July 1, 2022

In Guadeloupe, the regional council occupied for twenty-four hours and a social crisis at an impasse

The Christmas truce will have been welcome for the Guadeloupeans. For a weekend, they allowed themselves to forget their worries. How long will this parenthesis last? Some people fear that the interlude will be brief. Barely two days before Christmas, this West Indian department was experiencing a new twist in the serious social and health crisis that it has been going through for six weeks already.

Thursday, December 23, about 400 trade unionists opposed to the vaccination obligation for caregivers burst into the building of the regional council, in Basse-Terre. After forcing access, they entered the hemicycle, where elected officials had met for a plenary session. These, warned of the intrusion of the collective of trade unions in the building, had dispatched the deliberations and started to evacuate the room before the arrival of the demonstrators.

“There was a plenary, and not a single point on the agenda concerned the situation of social and health crisis in Guadeloupe. For us, this is unacceptable, while workers have been suspended and have not had a salary for two months ”, denounces Maïté Hubert M’Toumo, general secretary of the powerful General Union of Guadeloupe workers. “We entered by force, so as to impose our presence and the opening of a discussion”, she continues.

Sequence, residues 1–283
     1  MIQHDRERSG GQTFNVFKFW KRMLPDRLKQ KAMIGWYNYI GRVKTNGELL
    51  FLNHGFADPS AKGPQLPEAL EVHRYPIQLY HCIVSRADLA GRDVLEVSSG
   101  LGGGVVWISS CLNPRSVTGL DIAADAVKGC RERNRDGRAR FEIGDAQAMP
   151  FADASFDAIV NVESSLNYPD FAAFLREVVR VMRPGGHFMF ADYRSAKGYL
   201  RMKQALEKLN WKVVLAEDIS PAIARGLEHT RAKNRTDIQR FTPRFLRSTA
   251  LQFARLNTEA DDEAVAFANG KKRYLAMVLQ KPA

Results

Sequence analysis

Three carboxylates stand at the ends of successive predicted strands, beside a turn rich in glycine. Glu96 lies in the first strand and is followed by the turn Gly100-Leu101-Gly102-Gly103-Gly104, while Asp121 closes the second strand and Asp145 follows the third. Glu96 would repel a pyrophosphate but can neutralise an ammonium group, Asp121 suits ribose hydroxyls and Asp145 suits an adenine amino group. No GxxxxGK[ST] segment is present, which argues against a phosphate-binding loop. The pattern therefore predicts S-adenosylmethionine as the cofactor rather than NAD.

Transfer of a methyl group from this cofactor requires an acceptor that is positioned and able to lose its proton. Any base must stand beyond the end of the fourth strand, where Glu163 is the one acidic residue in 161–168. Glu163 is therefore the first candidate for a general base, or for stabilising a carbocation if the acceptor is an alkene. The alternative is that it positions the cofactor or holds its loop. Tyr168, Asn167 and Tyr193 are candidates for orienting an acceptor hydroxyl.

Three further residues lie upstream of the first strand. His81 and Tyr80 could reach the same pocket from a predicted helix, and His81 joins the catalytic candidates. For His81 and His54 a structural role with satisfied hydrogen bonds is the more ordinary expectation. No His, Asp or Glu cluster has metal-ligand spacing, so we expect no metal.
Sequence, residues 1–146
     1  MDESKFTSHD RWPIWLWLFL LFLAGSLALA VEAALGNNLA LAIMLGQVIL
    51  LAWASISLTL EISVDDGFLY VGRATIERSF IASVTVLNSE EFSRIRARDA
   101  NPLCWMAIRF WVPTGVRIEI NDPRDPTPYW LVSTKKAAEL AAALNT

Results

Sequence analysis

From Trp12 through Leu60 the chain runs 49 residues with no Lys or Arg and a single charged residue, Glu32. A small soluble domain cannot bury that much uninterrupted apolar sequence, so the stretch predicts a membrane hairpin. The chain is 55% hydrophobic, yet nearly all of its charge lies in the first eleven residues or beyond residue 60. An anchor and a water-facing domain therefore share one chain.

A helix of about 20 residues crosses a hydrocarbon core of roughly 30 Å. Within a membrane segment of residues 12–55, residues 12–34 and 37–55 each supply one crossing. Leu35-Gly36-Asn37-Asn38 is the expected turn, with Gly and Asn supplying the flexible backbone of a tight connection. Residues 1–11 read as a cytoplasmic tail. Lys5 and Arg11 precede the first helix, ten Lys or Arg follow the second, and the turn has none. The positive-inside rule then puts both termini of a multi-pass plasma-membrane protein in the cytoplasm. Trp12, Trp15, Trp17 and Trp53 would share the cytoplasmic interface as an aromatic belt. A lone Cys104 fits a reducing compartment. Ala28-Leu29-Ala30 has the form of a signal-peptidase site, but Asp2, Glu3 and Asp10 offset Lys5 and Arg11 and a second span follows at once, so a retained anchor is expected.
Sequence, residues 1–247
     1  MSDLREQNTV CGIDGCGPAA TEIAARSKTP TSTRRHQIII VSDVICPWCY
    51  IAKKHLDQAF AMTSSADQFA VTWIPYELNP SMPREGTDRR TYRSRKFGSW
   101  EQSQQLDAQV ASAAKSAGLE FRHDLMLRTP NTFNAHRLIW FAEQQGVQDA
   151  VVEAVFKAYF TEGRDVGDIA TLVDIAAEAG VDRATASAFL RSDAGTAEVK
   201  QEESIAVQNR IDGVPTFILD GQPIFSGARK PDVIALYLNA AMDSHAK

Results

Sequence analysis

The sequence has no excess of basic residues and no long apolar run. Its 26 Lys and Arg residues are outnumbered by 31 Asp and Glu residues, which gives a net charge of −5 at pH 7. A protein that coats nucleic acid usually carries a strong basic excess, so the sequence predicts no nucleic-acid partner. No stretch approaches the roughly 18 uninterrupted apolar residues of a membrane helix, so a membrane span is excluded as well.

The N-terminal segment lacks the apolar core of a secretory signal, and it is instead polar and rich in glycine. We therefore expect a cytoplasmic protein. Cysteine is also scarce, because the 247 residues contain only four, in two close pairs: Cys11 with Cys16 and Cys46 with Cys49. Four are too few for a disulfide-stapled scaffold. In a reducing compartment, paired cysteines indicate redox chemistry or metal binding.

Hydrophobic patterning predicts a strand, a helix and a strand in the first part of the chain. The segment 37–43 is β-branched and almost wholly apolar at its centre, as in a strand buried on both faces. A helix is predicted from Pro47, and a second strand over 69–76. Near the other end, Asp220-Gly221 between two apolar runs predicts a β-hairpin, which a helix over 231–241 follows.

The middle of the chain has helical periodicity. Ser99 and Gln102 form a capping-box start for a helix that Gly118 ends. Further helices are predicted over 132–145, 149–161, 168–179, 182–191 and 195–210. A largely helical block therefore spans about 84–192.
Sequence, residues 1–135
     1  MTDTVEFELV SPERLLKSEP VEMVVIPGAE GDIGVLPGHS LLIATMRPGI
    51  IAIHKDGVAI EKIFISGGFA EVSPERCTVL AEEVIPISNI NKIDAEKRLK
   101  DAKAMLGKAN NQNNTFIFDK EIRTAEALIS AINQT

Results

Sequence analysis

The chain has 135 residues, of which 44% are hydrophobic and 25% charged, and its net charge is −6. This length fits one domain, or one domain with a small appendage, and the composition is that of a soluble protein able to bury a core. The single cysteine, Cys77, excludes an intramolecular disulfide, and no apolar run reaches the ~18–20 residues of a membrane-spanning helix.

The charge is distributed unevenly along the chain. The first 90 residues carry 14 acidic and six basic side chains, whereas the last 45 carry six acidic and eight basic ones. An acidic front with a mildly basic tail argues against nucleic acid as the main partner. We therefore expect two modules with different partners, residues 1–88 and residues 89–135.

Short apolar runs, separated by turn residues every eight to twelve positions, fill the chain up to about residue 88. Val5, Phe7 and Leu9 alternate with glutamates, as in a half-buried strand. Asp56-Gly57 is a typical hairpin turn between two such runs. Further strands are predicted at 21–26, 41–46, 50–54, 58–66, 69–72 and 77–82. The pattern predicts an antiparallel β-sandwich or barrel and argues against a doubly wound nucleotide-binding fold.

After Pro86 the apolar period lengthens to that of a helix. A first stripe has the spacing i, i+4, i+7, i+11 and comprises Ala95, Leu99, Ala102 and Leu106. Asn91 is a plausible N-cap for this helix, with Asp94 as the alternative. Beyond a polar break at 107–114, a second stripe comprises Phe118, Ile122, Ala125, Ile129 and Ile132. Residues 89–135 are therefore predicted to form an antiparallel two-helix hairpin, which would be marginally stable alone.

An improvised “popular plenary”

At the end of the afternoon, around ten representatives of the various trade union organizations were received by the president (La République en Marche) of the region, Ary Chalus. “We demanded that there be very quickly a clear and public position on his part”, insists the unionist, who reproaches the elected “Not to act and to contradict yourself” on the issue of compulsory vaccination and suspensions of unvaccinated caregivers.

Despite this spectacular intrusion and the damage caused, Ary Chalus adopted, during a telephone interview, an impassive tone and assured that his exchanges with the trade unionists took place in peace. “We met for two hours and they told me about the health problems in Guadeloupe and the problems of caregivers in all sectors”, relate-t-il. “I told them that I would raise their expectations to the state level”, assures the president, comfortably reelected on June 27 during the last regional ballot.

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Determined, some of the trade unionists spent the night inside the building. On Friday, the members of the collective improvised in the hemicycle a “Popular plenary”, during which suspended workers testified about their difficulties. Then at the beginning of the afternoon, after a twenty-four hour siege of the regional hotel, the demonstrators left the scene. The Christmas truce could begin.

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